How to Resolve Tax Liability

There are many types of tax resolution techniques in which tax professionals use to help settle your tax liability with the IRS and State Department of Revenue agencies. The IRS collection process can be very stressful. You are not alone. There are millions of other taxpayers just like you that are looking for answers on how to resolve their tax liability. Below is an outline of the most common types of tax resolution programs so that you can get an idea of the several ways your account will be handled. The most common error that a taxpayer will make is to ignore their unfiled tax returns. Commonly, the easiest way to resolve your tax liability with the IRS would be to file your taxes right away.

IRS Tax Resolutions

Tax preparation can be done through a tax preparer or on your own. The IRS will assess additional penalties and interest on the tax that is due once the return is filed. The added penalty and interest to the initial tax that is due will have to be paid. The only way for the penalty amounts and associated interest to be removed is through a Penalty Abatement request. Most taxpayers are due a refund for past tax returns in which they forfeit being able to receive. This is because they are past the allotted time for the claim to be made. Typically, you have three years to claim a refund or you lose it.

For Example, say there is a missing return for tax year 2015. You attempt to file the return to claim your refund in April of 2019. You will not be granted the refund because the latest date to claim it would have been April of 2018. There is light to the end of the tunnel in order to achieve tax relief. Most firms will offer a free consultation to see if you qualify for resolution of your federal tax liability. Your consultation will consist of a review of financial data to know which resolution option suits your tax problem.

What Are the Different Types of Tax Resolutions?

Rule of Minimum Lump Sum payment

If all your tax returns are filed, then you will qualify for an Installment Agreement. The taxpayer must agree to the least amount that is required by the IRS. This amount must satisfy the liability in full within a period of up to seven years. Most of the installment agreements have a requirement that you set the payment plan up on a direct debit, which will automatically withdraw the monthly payment amount from your bank account. To implement a direct debit agreement, you must provide a signed Form 433-D, Direct Debit, at the time of setting up the payment plan. If paying the liability in full, over the time period allowed, is not reasonable for your situation then there is another option called a partial pay installment agreement. This agreement has very similar terms to an original Installment Agreement. A main difference is you arrange a much lower monthly payment based on your financial data. If your financial data does not change over time, you will be allowed to make reduced payments until the expiration of your tax liability. After the expiration date, the IRS is no longer allowed to collect on the liability. The taxpayer will also be relinquished of their monthly payments that were arranged.

What to Do After Installment Agreement

Once an Installment Agreement is in place, there is a Penalty Abatement request that can be submitted. This request is an attempt to remove the penalties and interest that are added to the tax. This request must have a strong reasonable cause as to why the penalties occurred in the first place. Each case is determined individually as there are numerous types of reasonable cause criteria’s that will qualify a taxpayer for this relief. To make a Penalty Abatement request, a well formulated story along with Form 843, Claim for Refund or Abatement must be sent to the IRS.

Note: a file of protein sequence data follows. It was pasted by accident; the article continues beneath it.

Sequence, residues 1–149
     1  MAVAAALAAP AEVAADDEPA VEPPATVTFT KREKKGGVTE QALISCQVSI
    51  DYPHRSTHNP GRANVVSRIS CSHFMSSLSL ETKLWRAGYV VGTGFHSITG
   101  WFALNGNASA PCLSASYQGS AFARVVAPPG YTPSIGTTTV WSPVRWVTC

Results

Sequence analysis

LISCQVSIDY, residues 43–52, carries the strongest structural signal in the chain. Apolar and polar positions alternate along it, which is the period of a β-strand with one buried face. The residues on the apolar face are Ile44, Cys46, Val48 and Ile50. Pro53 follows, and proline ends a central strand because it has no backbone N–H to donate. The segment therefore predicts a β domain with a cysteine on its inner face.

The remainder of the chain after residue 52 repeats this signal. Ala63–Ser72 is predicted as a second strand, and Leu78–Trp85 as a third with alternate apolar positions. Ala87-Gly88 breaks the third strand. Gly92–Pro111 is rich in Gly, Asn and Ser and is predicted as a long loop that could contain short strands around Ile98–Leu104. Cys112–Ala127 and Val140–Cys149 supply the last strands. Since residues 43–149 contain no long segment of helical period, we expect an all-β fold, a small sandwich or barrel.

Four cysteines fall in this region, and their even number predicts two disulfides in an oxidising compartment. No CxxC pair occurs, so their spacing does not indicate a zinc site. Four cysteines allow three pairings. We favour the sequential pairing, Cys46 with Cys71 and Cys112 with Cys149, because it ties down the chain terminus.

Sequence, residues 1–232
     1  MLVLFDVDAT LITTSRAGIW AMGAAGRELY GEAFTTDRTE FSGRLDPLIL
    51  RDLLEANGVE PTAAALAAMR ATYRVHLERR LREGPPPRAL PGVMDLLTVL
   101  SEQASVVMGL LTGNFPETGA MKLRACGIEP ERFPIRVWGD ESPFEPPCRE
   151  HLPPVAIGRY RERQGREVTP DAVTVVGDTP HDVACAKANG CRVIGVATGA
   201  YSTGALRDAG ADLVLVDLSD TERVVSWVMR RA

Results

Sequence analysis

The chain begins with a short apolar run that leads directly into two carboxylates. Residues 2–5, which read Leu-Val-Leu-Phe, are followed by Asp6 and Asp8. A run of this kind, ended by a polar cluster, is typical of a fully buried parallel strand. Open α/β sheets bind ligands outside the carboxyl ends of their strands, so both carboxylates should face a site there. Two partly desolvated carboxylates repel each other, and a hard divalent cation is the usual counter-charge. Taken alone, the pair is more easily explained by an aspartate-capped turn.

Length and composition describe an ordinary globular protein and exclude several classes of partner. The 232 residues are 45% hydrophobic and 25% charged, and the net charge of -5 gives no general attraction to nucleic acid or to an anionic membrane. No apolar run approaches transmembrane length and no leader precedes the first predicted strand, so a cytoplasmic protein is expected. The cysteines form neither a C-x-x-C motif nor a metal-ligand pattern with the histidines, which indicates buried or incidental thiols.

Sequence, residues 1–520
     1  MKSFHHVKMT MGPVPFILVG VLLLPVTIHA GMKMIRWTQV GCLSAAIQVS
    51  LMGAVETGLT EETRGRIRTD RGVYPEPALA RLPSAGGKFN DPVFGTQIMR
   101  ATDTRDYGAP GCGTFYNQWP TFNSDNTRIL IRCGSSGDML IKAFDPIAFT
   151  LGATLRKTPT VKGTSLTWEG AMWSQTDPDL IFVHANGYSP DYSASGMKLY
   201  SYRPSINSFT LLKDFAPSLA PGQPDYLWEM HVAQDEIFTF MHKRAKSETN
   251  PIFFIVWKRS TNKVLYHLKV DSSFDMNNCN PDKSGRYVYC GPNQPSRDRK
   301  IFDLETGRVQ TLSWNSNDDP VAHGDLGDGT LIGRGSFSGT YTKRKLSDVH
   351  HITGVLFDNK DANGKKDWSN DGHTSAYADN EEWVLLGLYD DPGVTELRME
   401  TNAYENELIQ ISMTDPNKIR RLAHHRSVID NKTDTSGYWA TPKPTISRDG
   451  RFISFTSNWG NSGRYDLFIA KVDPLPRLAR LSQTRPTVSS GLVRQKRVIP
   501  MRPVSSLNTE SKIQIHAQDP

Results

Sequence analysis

Cash Lump Sum  Payment Options

An Offer in Compromise is a tax liability settlement program that will allow you to pay less than the full amount that is owed. This may be an option if you cannot pay your liability in full through an Installment Agreement or other payment plans. This may also be a great choice for a taxpayer if it is confirmed that paying the liability in full would create a financial hardship. Many factors are reviewed when an Offer in Compromise is proposed. Your total income and total expenses will be examined. The IRS will also take into account any equity you may have in assets. Once an Offer in Compromise is approved, you must pay the total offered amount in 12- or 24-month payments. There is also an option called “lump sum cash”. The total offered amount be paid in full within five months after acceptance. When the liability is paid in full, all tax liens will be removed, and the taxpayer will now be on probation for a period of 5 years. The Probation period is to ensure that no new balances are assessed and that all tax requirements are being met.

Some Cases Need An Expert

In many joint cases, there is relief from the tax liability through a request for an innocent spouse. This method is commonly used when there is a tax liability assessed with an additional tax. This increase is a result of incomplete information filed by your spouse. This is a very detailed request and the assistance of a tax attorney or experienced tax expert will be needed to complete.

If you have explored all options to pay the liability but still do not have the financial freedom to commit, there is a resolution that can be achieved called currently non collectible. The IRS will look at national standards for your area. This is to determine if your able to even afford your basic living expenses compared to the income that is received. This status is only best for people whose expenses exceed their income. Once placed into a currently non collectible status, the IRS will stop all attempts of collection action.

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